validity of the remaining provisions of the agreement. Acknowledgements The algorithms Pukall Cipher 1 (PC 1) and Pukall Stream Cipher Hash Function are copyright by Alexandre Pukall. Source code available from http://www.multimania.com/pc1, http://www.multimania.com/cuisinons/progs/, and http://www.freecode.com . The MD5 message digest is copyright by RSA Data Security Inc. The zlib compression library is copyright by Jean-loup Gailly and Mark Adler. Homepage:
ftp://ftp.cdrom.com/pub/infozip/zlib/zlib.html

X-Ways Forensics contains software by Igor Pavlov, www.7-zip.com. Outside In Viewer Technology 1991-2006 Stellent Chicago, Inc. All rights reserved.
Parts of the registry viewer are copyright by Markus Stephany, dumphive_[at]_mirkes_[dot]_de. All rights reserved. Redistributions in binary form must reproduce the above copyright notice, this list of conditions and the following disclaimer in the documentation and/or other materials provided with the distribution. Neither the name of Markus Stephany nor the names of its contributors may be used to endorse or promote products derived from this software without specific prior written permission. This software is provided by the copyright holders and contributors as is and any express or implied warranties, including, but not limited to, the implied warranties of merchantability and fitness for a particular purpose are disclaimed. In no event shall the copyright owner or contributors be liable for any direct, indirect, incidental, special, exemplary, or consequential damaged (including, but not limited to, procurement of substitute goods or services; loss of use, data, or profits; or business interruption) however caused and on any theory of liability, whether in contract, strict liability, or tort (including negligence or otherwise) arising in any way out of the use of this software, even if advised of the possibility of such damage.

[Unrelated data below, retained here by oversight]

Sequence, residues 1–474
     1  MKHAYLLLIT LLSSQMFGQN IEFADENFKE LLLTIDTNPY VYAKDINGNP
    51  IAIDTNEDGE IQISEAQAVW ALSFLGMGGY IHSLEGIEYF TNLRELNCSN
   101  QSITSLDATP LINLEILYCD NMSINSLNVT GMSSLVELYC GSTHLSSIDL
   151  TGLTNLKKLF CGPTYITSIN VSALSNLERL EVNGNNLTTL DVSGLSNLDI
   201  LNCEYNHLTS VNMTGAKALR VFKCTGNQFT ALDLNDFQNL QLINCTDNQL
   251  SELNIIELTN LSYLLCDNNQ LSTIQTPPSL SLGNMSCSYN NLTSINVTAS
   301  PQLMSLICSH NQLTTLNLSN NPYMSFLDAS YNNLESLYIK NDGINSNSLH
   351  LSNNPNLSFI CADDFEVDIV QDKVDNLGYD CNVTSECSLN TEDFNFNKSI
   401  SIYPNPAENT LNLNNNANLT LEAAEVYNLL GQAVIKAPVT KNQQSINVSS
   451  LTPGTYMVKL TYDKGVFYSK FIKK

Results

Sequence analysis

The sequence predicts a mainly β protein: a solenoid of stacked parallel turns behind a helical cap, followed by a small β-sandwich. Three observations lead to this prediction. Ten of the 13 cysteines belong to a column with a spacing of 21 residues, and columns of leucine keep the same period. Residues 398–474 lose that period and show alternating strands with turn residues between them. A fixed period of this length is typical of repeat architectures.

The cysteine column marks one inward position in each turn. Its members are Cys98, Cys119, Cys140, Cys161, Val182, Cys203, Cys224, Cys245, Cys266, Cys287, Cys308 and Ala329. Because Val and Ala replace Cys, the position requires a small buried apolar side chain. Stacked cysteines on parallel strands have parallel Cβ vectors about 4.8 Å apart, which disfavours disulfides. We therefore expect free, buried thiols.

1.3 License Types


To use WinHex as a full version, you need a base license for personal, professional, or specialist use. If you are going to use WinHex on multiple machines, you will also need additional licenses. The full version will save files larger than 200 KB, write disk sectors, edit virtual memory and show no evaluation version reminders. It will reveal its license status on start-up and in the About box. Personal licenses are available at a reduced price for non-commercial purposes only, in a nonbusiness, non-institutional, and non-government environment. Professional licenses allow usage of the software in any environment (at home, in a company, in an organization, or in public administration). Professional licenses provide the ability to execute scripts and to use the WinHex API. Specialist licenses in addition to this allow to use the Specialist Tools menu section, to fully interpret Ext2, Ext3, CDFS/ISO9660, and UDF media, and enable support for RAID and dynamic disks. Particularly useful for IT security specialists. Plus X-Ways Replica 1.3, a DOS-